I write in the midst of trying times: the downing of the Malaysian Airlines flight over the Ukraine, continuing conflict in Syria, Iraq, Sudan and Nigeria and the latest clash between Israel and Palestine.
Over the past few weeks we have witnessed the people of Israel and Gaza being caught up in the vortex of violence resulting in the loss of more than 1,200 lives. The casualties have mostly been of innocent civilians and more than 3,000 people maimed and injured, not to speak of the thousands who have been left destitute by the fighting.
The Holy Land is a place that inspires a degree of reverence and causes us all to take pause. For many years, the subject of Israel and Palestine has been on the agenda of the World Methodist Council. It is an issue that often stirs passions.
The Old Testament calls us to pray for peace in Jerusalem (Psalm 122:6), a city sacred to three religions. Unfortunately this reverence has been shattered by the events unfolding there.
I am deeply saddened by the choices made by those in positions of power and authority. I know that tears and outrage alone will not stop the conflict. We need a commitment from all on the ground to stop the violence.
I am a person who has the blood of both Jews fleeing persecution in Russia and Europe as well as that of the indigenous people of my continent coursing through my veins. In many instances this has helped me to be a bridge builder, reconciler and peace maker for the cause of Christ in my country and further afield. I have been part of ecumenical delegations to meet with religious and political leaders in Rwanda, Democratic Republic of Congo, Burundi, Zimbabwe, Israel and Fiji.
Not a passive observer
My ministry has always been weighted on the side of peace, justice and reconciliation. I write not just as a passive observer to injustice and oppression, but as one whose life has been shaped on the anvil of the South African liberation struggle. I belong to a restless and impatient generation whose mantra was “Freedom in our Lifetime.”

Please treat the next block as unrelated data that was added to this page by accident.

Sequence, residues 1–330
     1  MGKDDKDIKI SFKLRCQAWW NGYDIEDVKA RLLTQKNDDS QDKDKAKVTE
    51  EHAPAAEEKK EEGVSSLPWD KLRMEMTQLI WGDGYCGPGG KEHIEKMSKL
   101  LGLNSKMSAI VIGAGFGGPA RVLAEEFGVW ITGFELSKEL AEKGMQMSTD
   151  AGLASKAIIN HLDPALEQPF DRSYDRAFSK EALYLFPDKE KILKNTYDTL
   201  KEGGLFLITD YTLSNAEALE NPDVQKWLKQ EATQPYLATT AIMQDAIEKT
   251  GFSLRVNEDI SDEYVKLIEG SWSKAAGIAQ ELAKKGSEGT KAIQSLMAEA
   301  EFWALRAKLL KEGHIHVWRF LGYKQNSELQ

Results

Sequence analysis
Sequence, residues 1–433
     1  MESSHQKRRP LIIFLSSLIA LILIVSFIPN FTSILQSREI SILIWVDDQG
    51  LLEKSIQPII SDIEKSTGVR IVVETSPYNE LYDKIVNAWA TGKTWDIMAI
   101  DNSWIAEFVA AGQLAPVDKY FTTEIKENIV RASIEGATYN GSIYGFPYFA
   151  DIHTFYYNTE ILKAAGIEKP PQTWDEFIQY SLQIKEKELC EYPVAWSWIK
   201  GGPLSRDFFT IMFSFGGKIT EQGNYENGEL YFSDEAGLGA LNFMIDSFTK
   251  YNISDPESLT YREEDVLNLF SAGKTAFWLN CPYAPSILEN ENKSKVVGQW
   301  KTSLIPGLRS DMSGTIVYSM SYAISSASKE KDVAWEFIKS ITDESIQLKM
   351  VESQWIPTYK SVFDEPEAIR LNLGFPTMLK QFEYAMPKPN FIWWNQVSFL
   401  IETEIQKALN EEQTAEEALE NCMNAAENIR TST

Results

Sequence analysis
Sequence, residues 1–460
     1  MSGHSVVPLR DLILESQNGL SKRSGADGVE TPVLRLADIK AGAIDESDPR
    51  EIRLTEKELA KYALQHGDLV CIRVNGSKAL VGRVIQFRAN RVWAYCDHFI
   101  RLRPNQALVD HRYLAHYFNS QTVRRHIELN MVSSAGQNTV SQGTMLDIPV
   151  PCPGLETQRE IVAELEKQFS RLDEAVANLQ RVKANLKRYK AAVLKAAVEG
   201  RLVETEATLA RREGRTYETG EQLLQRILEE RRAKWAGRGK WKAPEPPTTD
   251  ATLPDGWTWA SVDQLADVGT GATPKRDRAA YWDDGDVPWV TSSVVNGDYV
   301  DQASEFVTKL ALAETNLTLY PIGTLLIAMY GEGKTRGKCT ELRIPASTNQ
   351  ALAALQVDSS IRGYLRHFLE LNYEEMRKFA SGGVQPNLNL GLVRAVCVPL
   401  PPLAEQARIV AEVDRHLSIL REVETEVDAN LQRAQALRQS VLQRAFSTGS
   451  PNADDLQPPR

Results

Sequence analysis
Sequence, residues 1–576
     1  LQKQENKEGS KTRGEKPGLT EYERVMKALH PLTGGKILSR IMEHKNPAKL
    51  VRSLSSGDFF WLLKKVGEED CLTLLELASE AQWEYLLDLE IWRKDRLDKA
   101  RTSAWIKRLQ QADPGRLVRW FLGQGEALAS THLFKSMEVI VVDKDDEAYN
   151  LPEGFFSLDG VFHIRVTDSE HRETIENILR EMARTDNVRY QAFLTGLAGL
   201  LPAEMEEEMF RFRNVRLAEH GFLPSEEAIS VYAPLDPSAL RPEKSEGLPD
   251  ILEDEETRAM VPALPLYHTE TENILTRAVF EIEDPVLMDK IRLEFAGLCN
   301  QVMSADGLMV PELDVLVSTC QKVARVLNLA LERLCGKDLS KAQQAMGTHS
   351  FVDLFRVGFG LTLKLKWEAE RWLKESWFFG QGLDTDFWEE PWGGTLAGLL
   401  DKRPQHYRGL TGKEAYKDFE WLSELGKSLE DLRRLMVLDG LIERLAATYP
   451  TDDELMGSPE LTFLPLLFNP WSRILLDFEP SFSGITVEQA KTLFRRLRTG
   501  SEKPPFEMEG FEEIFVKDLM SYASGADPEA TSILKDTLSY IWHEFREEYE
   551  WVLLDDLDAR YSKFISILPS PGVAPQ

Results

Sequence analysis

I belong to a restless and impatient generation whose mantra was ‘Freedom in our Lifetime.’
It is from that deep faith perspective and clear understanding of the demands of the Gospel that I am driven to work for change.
I pray that when the modern history of Palestine and Israel is written that our children will not judge us as they read about the current conflict and ask: “Were you also complicit by your silence? Was your theology Islamophobic and dehumanizing? Were you an accessory to the crimes against humanity? How could you have allowed this warfare to happen?”
I urge you to revisit the World Methodist Council’s 2011 Resolution on Israel and Palestine. Let us use every form of non-violent means at our disposal as we commit ourselves to restoring dignity, justice and peace to all God’s children.
Pray for peace
I believe that we need to pray for peace in Jerusalem more than ever before. Matthew tells us that Jesus cried out:
Jerusalem, Jerusalem! You kill the prophets and stone the messengers God has sent you! How many times have I wanted to put my arms around all your people, just as a hen gathers her chicks under her wings, but you would not let me (Matthew 23: 37-39).
Luke records that Jesus, “wept over” Jerusalem saying: “If you only knew today what is needed for peace” (Luke 19:41).
We must never allow war and violence to have the last word. Peace and justice is possible in our lifetime, and God can guide us there.
May God comfort and strengthen those affected by war and fighting throughout the globe, the victims as well as their families, and may we be used as instruments to champion a just peace throughout this world.